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Re: Practice and Life

Postby tobes » Wed Jan 12, 2011 4:06 am

In the final analysis, it is always my absolute failure to deny causality.

:namaste:
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Re: Practice and Life

Postby gyougan » Thu Jan 13, 2011 7:30 am

Fear of samsara. Need of salvation.
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Re: Practice and Life

Postby Indrajala » Thu Jan 20, 2011 1:57 am

Buddhist vegetarian restaurants.
Flower Ornament Depository (Blog)
Indrajāla's Contemplations (Blog)
Exploring Classical Chinese (Blog)
Dharma Depository (Site)

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Re: Practice and Life

Postby Ngawang Drolma » Thu Jan 27, 2011 11:26 pm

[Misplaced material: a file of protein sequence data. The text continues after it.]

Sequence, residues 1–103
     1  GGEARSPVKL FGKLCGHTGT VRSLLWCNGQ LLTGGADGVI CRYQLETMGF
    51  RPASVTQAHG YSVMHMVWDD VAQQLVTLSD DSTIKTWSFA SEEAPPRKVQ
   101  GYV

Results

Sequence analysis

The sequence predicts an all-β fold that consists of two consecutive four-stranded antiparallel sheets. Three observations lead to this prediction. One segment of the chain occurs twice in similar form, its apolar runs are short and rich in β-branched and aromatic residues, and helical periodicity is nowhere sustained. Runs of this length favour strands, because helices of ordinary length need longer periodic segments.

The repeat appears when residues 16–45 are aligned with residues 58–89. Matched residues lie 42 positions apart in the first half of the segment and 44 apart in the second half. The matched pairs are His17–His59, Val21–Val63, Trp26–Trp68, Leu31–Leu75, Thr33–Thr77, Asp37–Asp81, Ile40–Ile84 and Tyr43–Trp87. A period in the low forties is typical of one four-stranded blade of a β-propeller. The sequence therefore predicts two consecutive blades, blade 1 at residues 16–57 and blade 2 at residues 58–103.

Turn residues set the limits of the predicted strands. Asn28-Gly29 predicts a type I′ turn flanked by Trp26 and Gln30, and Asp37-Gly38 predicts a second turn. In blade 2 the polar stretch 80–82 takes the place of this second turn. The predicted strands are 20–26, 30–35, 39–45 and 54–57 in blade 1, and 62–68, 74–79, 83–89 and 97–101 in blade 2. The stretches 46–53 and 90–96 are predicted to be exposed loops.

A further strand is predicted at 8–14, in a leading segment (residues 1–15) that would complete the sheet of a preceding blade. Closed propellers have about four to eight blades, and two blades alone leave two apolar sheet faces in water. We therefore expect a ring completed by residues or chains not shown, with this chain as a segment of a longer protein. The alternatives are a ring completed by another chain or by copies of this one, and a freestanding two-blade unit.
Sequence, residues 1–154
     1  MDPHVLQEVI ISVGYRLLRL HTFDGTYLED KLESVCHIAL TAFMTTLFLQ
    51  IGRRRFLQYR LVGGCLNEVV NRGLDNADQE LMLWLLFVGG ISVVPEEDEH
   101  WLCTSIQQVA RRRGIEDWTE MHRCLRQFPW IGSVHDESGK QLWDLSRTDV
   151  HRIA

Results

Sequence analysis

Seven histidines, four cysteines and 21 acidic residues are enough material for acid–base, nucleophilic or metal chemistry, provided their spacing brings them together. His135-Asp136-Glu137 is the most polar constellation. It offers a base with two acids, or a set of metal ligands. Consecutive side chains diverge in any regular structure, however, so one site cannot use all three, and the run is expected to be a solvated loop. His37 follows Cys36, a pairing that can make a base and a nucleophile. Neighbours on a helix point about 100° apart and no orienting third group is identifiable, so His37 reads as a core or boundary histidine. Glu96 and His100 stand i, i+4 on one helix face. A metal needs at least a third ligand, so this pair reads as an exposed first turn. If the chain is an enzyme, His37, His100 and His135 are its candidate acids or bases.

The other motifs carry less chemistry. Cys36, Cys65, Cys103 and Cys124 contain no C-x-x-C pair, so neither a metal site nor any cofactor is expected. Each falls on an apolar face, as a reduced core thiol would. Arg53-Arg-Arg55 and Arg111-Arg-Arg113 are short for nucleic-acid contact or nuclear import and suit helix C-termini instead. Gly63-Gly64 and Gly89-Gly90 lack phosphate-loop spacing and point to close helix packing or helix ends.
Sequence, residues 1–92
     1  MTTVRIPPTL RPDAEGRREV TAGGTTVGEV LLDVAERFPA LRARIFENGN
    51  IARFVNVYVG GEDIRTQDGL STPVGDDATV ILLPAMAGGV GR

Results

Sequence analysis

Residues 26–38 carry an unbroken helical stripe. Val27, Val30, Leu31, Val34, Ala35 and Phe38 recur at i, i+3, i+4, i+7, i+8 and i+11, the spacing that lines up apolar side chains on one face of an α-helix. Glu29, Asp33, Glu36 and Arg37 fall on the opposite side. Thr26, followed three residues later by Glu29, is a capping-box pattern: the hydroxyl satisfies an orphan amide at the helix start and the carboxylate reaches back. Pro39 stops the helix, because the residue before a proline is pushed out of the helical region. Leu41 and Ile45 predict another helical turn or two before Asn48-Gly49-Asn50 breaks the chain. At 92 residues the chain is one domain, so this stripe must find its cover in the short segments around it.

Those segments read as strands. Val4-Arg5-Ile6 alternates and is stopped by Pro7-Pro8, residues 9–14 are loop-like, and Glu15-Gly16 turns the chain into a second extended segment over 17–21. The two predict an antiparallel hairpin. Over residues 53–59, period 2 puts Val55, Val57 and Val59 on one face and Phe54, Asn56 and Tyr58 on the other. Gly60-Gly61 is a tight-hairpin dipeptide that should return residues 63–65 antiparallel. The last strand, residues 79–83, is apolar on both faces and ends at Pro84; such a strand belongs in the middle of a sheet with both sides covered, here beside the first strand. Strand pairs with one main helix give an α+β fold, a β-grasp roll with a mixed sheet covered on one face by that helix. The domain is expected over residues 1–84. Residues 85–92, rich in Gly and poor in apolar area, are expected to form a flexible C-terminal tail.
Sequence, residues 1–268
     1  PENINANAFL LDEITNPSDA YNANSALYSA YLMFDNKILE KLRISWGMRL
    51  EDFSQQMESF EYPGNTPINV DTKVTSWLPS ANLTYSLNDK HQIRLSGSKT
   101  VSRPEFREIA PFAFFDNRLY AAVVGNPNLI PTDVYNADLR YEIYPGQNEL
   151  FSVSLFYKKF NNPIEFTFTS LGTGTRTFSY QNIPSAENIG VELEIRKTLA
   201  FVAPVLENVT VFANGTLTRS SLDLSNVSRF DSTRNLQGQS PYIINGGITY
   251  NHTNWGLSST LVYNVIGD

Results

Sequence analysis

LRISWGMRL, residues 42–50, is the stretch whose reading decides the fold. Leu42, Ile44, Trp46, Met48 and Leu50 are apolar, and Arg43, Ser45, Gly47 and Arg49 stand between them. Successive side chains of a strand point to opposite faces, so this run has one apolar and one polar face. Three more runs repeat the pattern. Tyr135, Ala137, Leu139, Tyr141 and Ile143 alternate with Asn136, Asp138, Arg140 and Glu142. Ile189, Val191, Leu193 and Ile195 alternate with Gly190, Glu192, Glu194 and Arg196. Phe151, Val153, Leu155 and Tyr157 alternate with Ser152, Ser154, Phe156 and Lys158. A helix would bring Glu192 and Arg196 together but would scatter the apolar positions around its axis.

I vividly see suffering so much, and I have truly placed my refuge in the triple gem. This is a strong motivation for me. I see the suffering inherent in all things samsara.

Because I am a mother, my daughter is at the center of my practice. When you're consumed with the well-being of a child on a daily basis, I think it changes the mindset. The love is boundless for the child, and I truly try to extend it to others I love. And from there I try to extend it to those I won't be able to personally love in this lifetime. Without my daughter I don't know what my practice would look like. I'd be very interested in Buddhism and the path, but she is my fire.

Best,
Laura
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Re: Practice and Life

Postby Hanzze » Fri Jan 28, 2011 6:55 pm

Life is practice and practice is life.

Its very "modern" to separate, private, hobby, work, friends, neighbor, the others, we, I, you, on line, telephone, forum, face to face. The most difficult think is to break down the borders of differentness and reduce as possible the changing of behavior/actions/deeds on that what should be actually the issue in the moment.